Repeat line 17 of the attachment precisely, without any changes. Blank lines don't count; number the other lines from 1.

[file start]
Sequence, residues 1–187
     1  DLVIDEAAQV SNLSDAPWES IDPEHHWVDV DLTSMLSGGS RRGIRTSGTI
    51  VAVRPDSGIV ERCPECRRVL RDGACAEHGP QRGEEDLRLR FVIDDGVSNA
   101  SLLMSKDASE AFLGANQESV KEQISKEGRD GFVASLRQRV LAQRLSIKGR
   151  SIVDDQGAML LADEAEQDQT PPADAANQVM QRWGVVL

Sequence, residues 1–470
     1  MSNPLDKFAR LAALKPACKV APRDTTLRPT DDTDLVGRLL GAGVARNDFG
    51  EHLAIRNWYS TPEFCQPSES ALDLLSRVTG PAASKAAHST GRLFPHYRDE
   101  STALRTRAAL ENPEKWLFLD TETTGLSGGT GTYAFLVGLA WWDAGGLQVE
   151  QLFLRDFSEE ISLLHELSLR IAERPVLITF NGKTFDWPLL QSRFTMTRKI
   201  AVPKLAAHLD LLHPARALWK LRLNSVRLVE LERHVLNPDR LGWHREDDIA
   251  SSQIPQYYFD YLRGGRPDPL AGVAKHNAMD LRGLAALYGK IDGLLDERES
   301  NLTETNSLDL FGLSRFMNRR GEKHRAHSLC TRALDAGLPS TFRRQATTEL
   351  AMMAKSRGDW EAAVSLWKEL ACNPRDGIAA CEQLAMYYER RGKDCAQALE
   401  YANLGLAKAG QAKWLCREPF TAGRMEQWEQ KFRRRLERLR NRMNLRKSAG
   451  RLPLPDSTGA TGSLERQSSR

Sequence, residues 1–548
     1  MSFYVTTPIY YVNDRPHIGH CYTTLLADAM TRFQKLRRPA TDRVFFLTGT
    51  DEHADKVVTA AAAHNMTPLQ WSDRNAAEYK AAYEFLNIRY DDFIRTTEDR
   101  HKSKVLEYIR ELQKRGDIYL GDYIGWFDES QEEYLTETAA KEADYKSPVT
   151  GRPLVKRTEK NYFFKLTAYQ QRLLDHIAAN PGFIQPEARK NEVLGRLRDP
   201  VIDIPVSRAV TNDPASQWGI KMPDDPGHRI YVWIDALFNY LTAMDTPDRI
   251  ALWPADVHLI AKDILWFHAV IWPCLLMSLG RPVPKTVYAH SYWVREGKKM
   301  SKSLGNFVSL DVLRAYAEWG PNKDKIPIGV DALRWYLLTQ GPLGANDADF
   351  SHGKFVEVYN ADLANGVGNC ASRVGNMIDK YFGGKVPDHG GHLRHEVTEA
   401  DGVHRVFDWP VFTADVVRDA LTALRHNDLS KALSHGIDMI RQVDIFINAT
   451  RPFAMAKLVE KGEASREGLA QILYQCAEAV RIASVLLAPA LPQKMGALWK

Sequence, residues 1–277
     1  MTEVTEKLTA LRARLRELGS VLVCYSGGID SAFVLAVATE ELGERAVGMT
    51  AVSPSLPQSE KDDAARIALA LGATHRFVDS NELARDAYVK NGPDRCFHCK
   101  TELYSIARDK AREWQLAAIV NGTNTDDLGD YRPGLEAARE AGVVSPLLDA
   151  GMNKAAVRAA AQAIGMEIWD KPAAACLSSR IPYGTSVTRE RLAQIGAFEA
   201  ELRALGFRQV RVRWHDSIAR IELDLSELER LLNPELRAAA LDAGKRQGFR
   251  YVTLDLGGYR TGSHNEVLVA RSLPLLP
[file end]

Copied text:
Sequence, residues 1–548